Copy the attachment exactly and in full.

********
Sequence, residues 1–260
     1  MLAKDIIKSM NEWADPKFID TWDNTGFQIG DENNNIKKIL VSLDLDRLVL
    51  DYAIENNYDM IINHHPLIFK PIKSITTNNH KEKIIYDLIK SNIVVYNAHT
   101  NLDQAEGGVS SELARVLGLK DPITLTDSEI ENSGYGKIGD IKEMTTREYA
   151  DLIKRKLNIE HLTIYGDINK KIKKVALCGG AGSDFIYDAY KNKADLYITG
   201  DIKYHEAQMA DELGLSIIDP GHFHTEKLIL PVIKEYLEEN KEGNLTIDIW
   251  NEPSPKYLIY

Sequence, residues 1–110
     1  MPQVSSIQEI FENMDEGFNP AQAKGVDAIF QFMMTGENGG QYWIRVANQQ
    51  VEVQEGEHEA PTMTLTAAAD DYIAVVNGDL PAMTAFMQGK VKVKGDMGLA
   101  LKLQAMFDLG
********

Sequence, residues 1–260
     1  MLAKDIIKSM NEWADPKFID TWDNTGFQIG DENNNIKKIL VSLDLDRLVL
    51  DYAIENNYDM IINHHPLIFK PIKSITTNNH KEKIIYDLIK SNIVVYNAHT
   101  NLDQAEGGVS SELARVLGLK DPITLTDSEI ENSGYGKIGD IKEMTTREYA
   151  DLIKRKLNIE HLTIYGDINK KIKKVALCGG AGSDFIYDAY KNKADLYITG
   201  DIKYHEAQMA DELGLSIIDP GHFHTEKLIL PVIKEYLEEN KEGNLTIDIW
   251  NEPSPKYLIY

Sequence, residues 1–110
     1  MPQVSSIQEI FENMDEGFNP AQAKGVDAIF QFMMTGENGG QYWIRVANQQ
    51  VEVQEGEHEA PTMTLTAAAD DYIAVVNGDL PAMTAFMQGK VKVKGDMGLA
   101  LKLQAMFDLG